Signs of an economic slowdown began to take shape both in China and the US. The Fed’s Beige Book said the US was losing steam but also pointed to moderate growth in some regions. The report said the outlook was generally less optimistic because of equity market falls, higher benchmark rates and trade uncertainties. It added that growth in the manufacturing and energy sectors was tapering off in most regions. The shutdown, already the longest ever, only adds to these concerns.
Business conditions in China continued to worsen while growth forecasts are generally shrinking. 12 out of 31 provinces have already released expectations and 8 have reduced growth prospects.
All these signs of slowdown and political risk are mostly discounted by markets and investors seem to be banking on initiatives in some countries. China, for example, is striving to revive its domestic economy. Liquidity injections and repeated cuts to banks’ required reserves are reassuring investors.
Although the main goal is to stop funding drying up before the Chinese New Year, these measures also show that the PBoC is focusing on offering banks cheaper funding so that they can then lend to companies at lower rates. The US-China trade talks are ongoing and there is hope of at least a partial solution to the dispute.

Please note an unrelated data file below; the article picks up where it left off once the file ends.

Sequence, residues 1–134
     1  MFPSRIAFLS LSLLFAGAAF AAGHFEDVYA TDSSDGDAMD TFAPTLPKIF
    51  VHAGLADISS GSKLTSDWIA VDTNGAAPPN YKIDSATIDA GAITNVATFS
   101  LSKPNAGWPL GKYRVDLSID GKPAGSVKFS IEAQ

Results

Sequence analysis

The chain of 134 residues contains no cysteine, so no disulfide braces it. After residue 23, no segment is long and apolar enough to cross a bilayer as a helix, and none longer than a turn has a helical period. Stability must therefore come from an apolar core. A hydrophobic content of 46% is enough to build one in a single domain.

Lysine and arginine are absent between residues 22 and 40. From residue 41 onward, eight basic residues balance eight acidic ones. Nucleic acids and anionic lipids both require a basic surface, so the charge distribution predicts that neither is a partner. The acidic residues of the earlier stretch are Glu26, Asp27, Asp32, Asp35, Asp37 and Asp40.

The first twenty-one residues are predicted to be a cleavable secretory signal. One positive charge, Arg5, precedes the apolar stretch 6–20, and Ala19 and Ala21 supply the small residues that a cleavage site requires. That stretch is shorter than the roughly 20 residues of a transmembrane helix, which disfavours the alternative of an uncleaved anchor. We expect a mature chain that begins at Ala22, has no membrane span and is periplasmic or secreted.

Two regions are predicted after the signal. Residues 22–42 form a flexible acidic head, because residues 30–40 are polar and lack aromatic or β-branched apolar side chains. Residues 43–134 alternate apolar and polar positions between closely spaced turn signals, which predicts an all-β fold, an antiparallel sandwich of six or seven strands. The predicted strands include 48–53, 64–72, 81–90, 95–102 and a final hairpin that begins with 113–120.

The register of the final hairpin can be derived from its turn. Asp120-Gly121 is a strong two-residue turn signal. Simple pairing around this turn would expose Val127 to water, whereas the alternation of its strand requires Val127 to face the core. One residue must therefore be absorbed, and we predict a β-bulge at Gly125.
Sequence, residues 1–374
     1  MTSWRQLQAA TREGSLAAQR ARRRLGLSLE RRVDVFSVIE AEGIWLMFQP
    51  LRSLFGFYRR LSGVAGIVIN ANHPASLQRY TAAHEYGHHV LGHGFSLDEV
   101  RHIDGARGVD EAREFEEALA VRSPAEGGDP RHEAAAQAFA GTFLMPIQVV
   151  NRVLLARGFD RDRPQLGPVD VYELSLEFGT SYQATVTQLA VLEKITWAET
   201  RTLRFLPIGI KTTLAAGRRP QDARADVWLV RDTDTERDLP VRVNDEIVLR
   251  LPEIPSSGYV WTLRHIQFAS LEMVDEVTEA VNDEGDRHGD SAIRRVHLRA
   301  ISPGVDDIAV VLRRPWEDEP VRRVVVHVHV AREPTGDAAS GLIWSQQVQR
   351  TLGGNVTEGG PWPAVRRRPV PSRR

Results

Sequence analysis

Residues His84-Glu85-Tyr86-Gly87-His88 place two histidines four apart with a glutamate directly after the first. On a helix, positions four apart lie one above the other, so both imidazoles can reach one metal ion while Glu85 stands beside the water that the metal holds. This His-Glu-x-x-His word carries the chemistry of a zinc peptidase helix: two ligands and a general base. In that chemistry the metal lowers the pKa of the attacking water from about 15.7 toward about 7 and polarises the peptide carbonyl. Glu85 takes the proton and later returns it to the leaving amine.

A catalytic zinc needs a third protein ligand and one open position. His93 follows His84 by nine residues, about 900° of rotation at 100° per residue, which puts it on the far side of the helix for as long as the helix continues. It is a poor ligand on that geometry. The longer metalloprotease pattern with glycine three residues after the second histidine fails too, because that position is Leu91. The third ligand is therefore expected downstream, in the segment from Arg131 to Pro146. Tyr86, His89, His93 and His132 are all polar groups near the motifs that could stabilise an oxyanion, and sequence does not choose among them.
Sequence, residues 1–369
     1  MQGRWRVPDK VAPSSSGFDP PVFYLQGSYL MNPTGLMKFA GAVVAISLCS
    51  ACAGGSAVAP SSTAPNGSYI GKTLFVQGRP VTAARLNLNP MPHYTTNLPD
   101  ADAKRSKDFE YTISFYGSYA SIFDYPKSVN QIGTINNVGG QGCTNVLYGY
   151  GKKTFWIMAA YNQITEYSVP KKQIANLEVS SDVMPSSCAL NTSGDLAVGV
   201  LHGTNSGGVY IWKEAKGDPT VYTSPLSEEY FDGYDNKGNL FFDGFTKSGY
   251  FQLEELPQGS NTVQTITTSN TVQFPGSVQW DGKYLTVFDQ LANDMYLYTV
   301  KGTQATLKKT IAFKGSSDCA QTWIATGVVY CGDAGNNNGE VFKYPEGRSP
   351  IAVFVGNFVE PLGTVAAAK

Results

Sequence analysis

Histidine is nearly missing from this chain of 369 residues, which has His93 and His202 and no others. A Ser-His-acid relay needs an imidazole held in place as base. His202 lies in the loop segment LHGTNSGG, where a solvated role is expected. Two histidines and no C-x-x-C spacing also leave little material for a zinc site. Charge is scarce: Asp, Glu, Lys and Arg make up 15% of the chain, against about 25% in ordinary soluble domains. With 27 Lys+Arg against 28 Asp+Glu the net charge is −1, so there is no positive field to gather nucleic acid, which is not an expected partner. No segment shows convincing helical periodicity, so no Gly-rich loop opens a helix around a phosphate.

In the circumstances, we remain keen on equities. We expect China's economy to take a turn for the better thanks to the stimulus plan and we see further mileage in the European and US corporate profit cycle.
European markets continued to rally; taking a positive view of the UK parliament’s rejection of Theresa May's Brexit plan and heartened by Beijing’s monetary and economic stimulus measures. Autos, tech and financials led rises at the beginning of the period and the Italian market stood out after the government easily raised €10bn over 16 years. The book was oversubscribed more than 3 times (€35bn). But US-China tensions caught up with markets at the end of the week after Huawei was charged with stealing trade secrets from US companies. Subsequent profit talking was offset by news that US customs tariffs on Chinese imports might be partially or totally lifted. In related news, Berlin is reportedly keen to impose security conditions that Huawei could be unable to respect in its 5G roll-out.